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Dark Horse Observatory - Image Details: M057 & IC 1296
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Image Details: M057 & IC 1296

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M057 & IC 1296

Object/Name: M057 (NGC 6720, The Ring Nebula)
Type: Planetary Nebula   
Constellation: Lyra   
RA: 18 hours 53.7 minutes   
Dec: +33 degreees 02 minutes   
Distance: 1.1 - 2.3 million light years   
Magnitude: 8.8 mag   
Size: 76.0 x 76.0 arc minutes   
Imaging Dates: 15 - 18 August 2007   
Location: Blue Mountain Vista Observatory, New Ringgold, PA   
Equipment:
Scope: Meade LX-200R 12 inch Mount: Paramount ME
CCD: SBIG ST-8XME Filters: Custom Scientific
Filter Wheel: SBIG CFW-8A Focus: FLI DF2 Focuser
Rotator: Optec 2 inch Pyxis   
Software Used:
  Maxim DL FocusMax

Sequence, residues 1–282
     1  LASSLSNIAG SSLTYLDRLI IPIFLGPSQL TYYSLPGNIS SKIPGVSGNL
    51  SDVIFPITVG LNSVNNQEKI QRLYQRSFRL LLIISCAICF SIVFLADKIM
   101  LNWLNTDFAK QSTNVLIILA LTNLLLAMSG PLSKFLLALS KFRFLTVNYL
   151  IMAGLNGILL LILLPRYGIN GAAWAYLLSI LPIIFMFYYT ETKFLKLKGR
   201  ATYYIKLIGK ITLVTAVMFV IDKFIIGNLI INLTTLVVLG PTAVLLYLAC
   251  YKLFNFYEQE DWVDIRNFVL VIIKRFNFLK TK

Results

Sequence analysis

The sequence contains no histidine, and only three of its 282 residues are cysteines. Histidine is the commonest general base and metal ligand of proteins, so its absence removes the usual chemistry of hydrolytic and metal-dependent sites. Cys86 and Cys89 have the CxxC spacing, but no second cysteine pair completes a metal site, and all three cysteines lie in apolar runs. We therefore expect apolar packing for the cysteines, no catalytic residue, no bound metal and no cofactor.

CCDAutoPilot 3 CCDStack
Mira Pro PhotoShop CS3
Detailed Information:
M057 represents a collaboration of mine to process data acquired by Frank Colosimo. I will quote Frank on the details,
"This is one of the first images from my new roll off observatory in New Ringgold, PA. Thanks to Chris for his expert processing, which brought out the faint halo around this planetary nebula that we noticed when we started working with the images." I would add that this level of visibility around the Ring nebula is usually only seen with H-alpha exposures being combined.

M057 was observed on 31 January 1779. It is described in the NGC: "A magnificent object. Annular nebula, bright, pretty large, considerably extended, in Lyra." That pretty well sums it up. This object is located between Gamma and Beta Lyrae. Visually it appears like a grey smoke ring. On a video astronomical image my daughter described it as the "Cheerio nebula." Kids watch too many commercials these days! This is a planetary nebula in the form of a torus (doughnut shape) for which we are looking down the end or through the hole. This nebula was formed by central star which collapsed to form a White Dwarf star seen centrally in the image.

The small spiral galaxy located to the right and below M057 is IC 1296. It would normally not be so apparent, but I processed it to make it more evident because Frank had captured so much detail and it looked quite interesting. IC 1296


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